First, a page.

An equity release scheme can seem like a sure way to access funds in or near your retirement age. For the most part, it is an excellent tool that can help you cover medical expenses, buy another property, or help supplement your living costs. However, there are some equity release horror stories that highlight the importance of being informed and educated before making a decision.
Equity release refers to a range of schemes that allow you to extract value from your property without having to leave it.
There are two main types – lifetime mortgage and home reversion.
There are various types of lifetime mortgages, but essentially you borrow money against the value of your property. This can be between 15% to 50% of the property value, plus an interest rate. You can either pay the loan and interest monthly or wait until the end of your plan to pay off the loan and interest when you sell your property. The plan typically ends when you either pass away or go into full-time care.
You can sell all or part of your property through a home reversion scheme but retain the right to live there until you pass away. Usually, the value you sell it for is a lot less than the property’s actual market value.
To take advantage of equity release, you need to meet specific criteria, including:
There are other requirements for specific schemes, such as the enhanced lifetime mortgage, which you should check with a professional advisor.
We compare plans from the leading equity release providers
The primary and most apparent benefit of equity release schemes is that they give you instant access to cash. There are no restrictions on how you spend the money, so you could use it to supplement your retirement living costs, cover medical bills if you’re poorly, or help a loved one buy their first property.
There are certain factors regarding equity release that you should consider before making a decision. The opportunity to access a considerable amount of funds is a tempting one. After all, despite being a great way to gain access to money, six out of 10 over-55-year-olds in the UK still won’t consider equity release. You should never rush in before carefully researching the scheme you’re interested in and speaking with an advisor.
Here are some of the most common horror stories that can end up being a nightmare to deal with:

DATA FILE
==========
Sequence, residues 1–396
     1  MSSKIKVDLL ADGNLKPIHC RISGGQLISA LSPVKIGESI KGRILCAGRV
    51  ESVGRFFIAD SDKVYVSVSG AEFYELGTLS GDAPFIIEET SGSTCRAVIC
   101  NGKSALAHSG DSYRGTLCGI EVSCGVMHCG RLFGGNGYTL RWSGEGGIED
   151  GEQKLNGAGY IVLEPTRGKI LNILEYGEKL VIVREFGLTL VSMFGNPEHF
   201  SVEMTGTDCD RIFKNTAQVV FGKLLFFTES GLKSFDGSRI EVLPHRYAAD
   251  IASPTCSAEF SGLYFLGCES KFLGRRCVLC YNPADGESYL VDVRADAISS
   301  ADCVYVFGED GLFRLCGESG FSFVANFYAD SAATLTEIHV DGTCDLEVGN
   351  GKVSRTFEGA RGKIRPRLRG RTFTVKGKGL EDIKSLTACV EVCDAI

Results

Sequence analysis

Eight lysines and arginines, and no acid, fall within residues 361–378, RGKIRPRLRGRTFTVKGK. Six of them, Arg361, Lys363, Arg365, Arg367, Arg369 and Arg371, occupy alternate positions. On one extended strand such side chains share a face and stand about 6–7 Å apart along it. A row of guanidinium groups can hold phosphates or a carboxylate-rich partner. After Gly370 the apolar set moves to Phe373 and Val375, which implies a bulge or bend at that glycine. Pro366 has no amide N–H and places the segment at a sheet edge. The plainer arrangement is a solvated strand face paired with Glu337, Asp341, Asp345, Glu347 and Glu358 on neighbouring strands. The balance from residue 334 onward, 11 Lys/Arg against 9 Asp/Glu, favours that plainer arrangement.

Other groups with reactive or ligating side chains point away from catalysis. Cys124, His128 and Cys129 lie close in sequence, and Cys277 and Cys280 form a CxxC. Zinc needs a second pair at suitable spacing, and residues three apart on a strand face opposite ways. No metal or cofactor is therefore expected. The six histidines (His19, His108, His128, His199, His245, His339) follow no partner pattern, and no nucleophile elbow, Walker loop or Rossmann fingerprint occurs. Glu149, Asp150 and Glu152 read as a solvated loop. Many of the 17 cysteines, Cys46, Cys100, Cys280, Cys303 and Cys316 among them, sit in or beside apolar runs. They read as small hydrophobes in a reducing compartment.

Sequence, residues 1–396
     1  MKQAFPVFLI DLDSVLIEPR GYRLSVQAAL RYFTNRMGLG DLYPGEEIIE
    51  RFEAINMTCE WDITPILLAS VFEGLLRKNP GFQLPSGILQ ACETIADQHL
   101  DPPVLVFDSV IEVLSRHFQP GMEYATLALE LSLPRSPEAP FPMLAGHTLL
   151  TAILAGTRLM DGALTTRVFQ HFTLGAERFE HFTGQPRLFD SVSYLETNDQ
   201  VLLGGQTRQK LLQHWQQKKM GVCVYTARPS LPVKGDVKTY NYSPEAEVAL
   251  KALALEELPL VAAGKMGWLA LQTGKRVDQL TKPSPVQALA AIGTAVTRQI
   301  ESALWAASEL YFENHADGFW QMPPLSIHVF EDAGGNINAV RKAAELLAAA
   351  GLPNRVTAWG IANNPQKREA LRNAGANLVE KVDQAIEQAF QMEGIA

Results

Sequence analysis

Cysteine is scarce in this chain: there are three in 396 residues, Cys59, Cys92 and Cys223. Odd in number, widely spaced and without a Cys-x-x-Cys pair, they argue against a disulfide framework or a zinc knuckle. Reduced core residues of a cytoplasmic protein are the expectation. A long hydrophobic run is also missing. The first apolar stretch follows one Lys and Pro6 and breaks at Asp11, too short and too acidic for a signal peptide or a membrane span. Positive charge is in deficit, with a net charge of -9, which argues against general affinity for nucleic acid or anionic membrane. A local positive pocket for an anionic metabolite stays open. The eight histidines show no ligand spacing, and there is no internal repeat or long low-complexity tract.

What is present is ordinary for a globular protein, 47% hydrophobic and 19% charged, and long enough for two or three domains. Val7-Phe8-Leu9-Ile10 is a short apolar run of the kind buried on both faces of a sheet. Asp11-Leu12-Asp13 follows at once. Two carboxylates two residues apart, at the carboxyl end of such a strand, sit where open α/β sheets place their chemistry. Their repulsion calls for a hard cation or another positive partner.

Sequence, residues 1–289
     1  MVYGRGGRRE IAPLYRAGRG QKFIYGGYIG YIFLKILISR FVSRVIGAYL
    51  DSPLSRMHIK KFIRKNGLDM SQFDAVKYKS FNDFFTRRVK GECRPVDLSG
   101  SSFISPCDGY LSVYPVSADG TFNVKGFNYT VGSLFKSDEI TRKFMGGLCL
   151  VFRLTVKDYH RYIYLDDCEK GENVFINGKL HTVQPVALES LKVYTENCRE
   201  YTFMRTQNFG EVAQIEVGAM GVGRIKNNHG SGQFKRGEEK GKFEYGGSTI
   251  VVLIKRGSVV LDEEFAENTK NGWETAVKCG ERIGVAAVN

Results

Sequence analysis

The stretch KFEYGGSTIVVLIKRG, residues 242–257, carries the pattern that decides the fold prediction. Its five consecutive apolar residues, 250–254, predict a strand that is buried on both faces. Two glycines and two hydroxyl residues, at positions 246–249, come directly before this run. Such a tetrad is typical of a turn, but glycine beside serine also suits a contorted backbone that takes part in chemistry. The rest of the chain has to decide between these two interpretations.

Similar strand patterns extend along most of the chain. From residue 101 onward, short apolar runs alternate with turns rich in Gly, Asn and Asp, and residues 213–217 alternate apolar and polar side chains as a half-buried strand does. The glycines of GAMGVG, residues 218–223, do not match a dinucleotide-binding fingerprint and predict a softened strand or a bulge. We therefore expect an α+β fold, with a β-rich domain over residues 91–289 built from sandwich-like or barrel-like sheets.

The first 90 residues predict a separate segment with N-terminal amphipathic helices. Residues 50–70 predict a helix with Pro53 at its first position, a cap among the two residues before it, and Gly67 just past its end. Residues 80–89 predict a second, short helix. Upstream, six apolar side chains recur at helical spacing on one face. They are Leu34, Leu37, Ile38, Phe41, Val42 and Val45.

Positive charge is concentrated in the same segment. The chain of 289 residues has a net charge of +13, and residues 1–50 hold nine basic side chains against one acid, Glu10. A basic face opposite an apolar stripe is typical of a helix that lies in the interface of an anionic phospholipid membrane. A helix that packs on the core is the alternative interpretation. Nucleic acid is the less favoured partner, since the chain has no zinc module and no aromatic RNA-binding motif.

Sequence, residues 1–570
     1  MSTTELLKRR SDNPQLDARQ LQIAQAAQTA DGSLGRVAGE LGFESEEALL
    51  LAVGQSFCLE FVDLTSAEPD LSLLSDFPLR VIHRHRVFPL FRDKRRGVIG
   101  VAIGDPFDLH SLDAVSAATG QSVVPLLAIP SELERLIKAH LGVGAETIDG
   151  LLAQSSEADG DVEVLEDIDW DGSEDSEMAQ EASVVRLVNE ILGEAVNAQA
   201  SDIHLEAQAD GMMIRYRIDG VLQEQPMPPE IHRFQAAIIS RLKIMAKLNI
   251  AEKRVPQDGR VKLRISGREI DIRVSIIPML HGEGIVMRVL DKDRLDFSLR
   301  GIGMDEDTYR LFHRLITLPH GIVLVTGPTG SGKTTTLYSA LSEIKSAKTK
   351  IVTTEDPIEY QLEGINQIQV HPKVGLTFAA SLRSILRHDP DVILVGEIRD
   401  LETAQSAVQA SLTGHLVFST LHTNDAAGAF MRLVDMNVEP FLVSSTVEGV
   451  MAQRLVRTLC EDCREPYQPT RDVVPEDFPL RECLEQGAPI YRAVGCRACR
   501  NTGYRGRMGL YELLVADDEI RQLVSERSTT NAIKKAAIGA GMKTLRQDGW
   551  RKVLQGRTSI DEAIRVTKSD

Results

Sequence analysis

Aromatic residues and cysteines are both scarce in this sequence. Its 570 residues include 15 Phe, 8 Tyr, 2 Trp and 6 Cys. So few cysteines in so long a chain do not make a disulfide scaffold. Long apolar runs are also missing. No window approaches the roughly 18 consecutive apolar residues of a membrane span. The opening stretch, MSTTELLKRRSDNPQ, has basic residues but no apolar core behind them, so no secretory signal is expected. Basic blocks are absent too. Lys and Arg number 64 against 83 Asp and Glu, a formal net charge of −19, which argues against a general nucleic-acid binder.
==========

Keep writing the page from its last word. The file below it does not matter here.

Of course, the provider of your equity release plan will charge you interest for the service. This will vary depending on how much you are planning to release. Over time, the size of your mortgage will increase due to the interest compounding over time.
This widow lost a staggering £1mn to an equity release plan linked to her farm property.
If you want to exit the plan before it has run its course, you’ll have to pay an early repayment penalty set by the lender. Depending on how far you are into your plan, this charge can sometimes be unreasonable, forcing you to stay within the plan regardless of whether you want to.
If you plan to leave your family and loved ones an inheritance, you should consider whether equity release is suitable for you. Since you’ll have to pay off the loan and interest of your plan after your property is sold, there will be less to leave as an inheritance. Always make sure you are aware of the expenses involved with your plan. If you land a bad rate and take out a considerable loan, your end cost could eat into the majority of the value of your property.
You wouldn’t want to end up like the widow in the story we shared earlier, or this elderly couple back in 2015 who faced a £16,000 early repayment charge on an equity release plan they took out in 2003. There are steps you should take to avoid ending up with your own horror story.
Be sure to talk through equity finance schemes with an advisor and question all the risks involved. Ensure that you use a reputable advisor with a history of helping clients.
The allure of a large lump sum cash injection can be hard to turn down. After all, you could probably achieve a lot, such as going on holiday, covering your living costs, and doing home improvement work. However, you should only release as much as you can pay. The more you choose to borrow, the higher and less favourable the interest rates will be.
Whether equity release is the right product or not depends entirely on your circumstances. If you’re in poor health and need quick access to funds without undergoing a medical, equity release can be a great tool. However, after doing some research, you might find that going through a traditional finance model might be better to obtain a loan.
To stay on top of the interest, you could also opt for an interest-only lifetime mortgage or a voluntary repayment plan. This way, you can access the funds, but you can stop interest from compounds.